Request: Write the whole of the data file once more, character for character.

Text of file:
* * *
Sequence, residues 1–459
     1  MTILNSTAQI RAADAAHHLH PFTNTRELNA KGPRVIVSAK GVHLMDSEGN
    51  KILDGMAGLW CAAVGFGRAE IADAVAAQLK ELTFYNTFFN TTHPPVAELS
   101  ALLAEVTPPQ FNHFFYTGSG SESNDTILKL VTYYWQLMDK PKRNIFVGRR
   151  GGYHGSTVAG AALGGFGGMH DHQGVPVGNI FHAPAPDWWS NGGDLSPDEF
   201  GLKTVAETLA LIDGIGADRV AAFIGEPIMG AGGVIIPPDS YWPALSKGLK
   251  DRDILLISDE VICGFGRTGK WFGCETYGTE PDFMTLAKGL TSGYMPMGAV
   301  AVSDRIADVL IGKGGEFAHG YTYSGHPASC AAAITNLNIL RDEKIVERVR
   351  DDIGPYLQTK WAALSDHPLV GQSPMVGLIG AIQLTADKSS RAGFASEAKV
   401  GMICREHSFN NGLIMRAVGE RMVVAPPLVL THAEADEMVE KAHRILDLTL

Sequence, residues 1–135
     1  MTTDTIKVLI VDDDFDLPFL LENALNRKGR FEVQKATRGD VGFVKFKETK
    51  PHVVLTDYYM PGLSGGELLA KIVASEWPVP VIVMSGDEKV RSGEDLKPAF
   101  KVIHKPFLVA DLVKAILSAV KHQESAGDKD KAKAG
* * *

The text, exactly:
Sequence, residues 1–459
     1  MTILNSTAQI RAADAAHHLH PFTNTRELNA KGPRVIVSAK GVHLMDSEGN
    51  KILDGMAGLW CAAVGFGRAE IADAVAAQLK ELTFYNTFFN TTHPPVAELS
   101  ALLAEVTPPQ FNHFFYTGSG SESNDTILKL VTYYWQLMDK PKRNIFVGRR
   151  GGYHGSTVAG AALGGFGGMH DHQGVPVGNI FHAPAPDWWS NGGDLSPDEF
   201  GLKTVAETLA LIDGIGADRV AAFIGEPIMG AGGVIIPPDS YWPALSKGLK
   251  DRDILLISDE VICGFGRTGK WFGCETYGTE PDFMTLAKGL TSGYMPMGAV
   301  AVSDRIADVL IGKGGEFAHG YTYSGHPASC AAAITNLNIL RDEKIVERVR
   351  DDIGPYLQTK WAALSDHPLV GQSPMVGLIG AIQLTADKSS RAGFASEAKV
   401  GMICREHSFN NGLIMRAVGE RMVVAPPLVL THAEADEMVE KAHRILDLTL

Sequence, residues 1–135
     1  MTTDTIKVLI VDDDFDLPFL LENALNRKGR FEVQKATRGD VGFVKFKETK
    51  PHVVLTDYYM PGLSGGELLA KIVASEWPVP VIVMSGDEKV RSGEDLKPAF
   101  KVIHKPFLVA DLVKAILSAV KHQESAGDKD KAKAG